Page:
Evolutionary biologist and author Jerry Coyne is a smart man, so is therefore a big fan of Jesus & Mo—describing it as “…a philosophical confrère”. Jerry has made a routine of reposting the daily cartoons to his website. At some point he was notified that WordPress, his website provider, would be blocking such posts in Pakistan for “hurting the sentiments of many Muslims,”.

A while back, I also blogged about critics of Islam receiving legal warnings from Twitter on behalf of Pakistan. I have since received a few myself, proudly.

Pakistan has one of the worst records when it comes to human rights abuses where women, gay people and religious minorities are concerned–and to add insult to injury, Western corporations are now upholding their demands.

The latest ‘Jesus & Mo’ cartoon lampoons the situation in typically sardonic fashion:

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The accompanying text reads:

As Jesus reports, after 15 years of selling J&M merchandise, CafePress got a notice from the Pakistan Telecommunication Authority telling them to take down all store items featuring images of Mo. We never made a lot of money from the CafePress store (a 2-figure sum paid out every year or two), but it was nice to offer t-shirts, mugs etc to people who wanted them. Will let you know if we find an suitable alternative outlet who won’t buckle at the first hint of protest from a censorious government.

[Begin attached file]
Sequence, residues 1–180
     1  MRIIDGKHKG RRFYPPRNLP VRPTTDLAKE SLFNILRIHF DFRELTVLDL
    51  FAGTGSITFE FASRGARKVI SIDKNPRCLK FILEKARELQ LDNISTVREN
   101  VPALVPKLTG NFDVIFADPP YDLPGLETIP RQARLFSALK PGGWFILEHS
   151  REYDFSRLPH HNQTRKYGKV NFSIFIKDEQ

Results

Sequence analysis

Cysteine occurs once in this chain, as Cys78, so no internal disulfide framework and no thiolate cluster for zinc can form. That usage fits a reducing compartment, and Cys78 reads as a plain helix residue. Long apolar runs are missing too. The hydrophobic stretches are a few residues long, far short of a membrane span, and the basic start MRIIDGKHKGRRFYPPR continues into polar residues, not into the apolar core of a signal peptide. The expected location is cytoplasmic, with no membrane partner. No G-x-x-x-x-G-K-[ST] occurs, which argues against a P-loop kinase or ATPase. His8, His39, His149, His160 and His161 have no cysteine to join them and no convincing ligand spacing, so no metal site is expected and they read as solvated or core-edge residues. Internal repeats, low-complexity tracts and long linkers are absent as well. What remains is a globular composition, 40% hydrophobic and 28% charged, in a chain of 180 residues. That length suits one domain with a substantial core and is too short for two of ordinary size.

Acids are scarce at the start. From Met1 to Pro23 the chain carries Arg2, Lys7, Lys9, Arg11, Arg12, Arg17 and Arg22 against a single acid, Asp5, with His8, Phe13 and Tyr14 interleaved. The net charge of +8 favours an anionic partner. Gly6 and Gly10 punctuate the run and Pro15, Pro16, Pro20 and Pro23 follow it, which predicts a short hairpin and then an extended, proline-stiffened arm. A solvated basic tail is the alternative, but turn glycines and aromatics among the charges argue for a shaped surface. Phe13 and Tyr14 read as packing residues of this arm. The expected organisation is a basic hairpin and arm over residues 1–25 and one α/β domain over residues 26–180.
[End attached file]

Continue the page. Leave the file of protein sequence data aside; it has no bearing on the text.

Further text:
In the meantime, if you’d like to support the comic by other means, please consider becoming a Patron. If you can spare a dollar or two a month, it really helps to keep us going

Of course “they are a private company and can do what they want” is the mantra trotted out by those incapable of having a thought more interesting than a standard terms of service. Well, yes. But we as consumers can vocalise our repulsion at corporate entities upholding the irrational sensitivities of one of the world’s chief human rights abusers.

You can become a Patreon supporter of Jesus and Mo here.

Stephen Knight is host of The #GSPodcast. You can listen to The Godless Spellchecker Podcast here, and support it by becoming a patron here.

5 comments

  • My experience of your views on satire were that you only believe it’s ok to satirise people or ideas you personally dislike. Remember Maryam Namazie? You were very upset, quite vocally in fact, when I caricatured her for Vive Charlie!

    • I’d love you to point to something demonstrating this ‘very upset’ episode of mine. But you won’t. I think it’s “ok” to satarise whatever you want. Knock yourself out. You seem to have confused thinking something is “ok” to satarise with not thinking it’s any good.

  • I’m surprised they’re still permitted to use Patreon.

  • Bikinis not Burkas

    The best way to satirize Islam is to publish their stupid thoughts that are published in their own documents, eg:-

    https://www.answering-islam.org/Quran/Science/index.htm

  • There are many example of the use of Muhammed’s image in artwork from the Muslim world historically. Many of the images are very beautiful, and can be found with an online search. This has only become a problem since the Wahhabi extremists made their pact with the Saudi Arabian monarchy (1912) to enable the Saud king to hold on to power. Then the Sunni extremists exported that extremism to other parts of the Muslim world via madrasas (schools). They were particularly successful in setting up their madrassas in Pakistan, and therefore those they educated have become a strong voice in government there.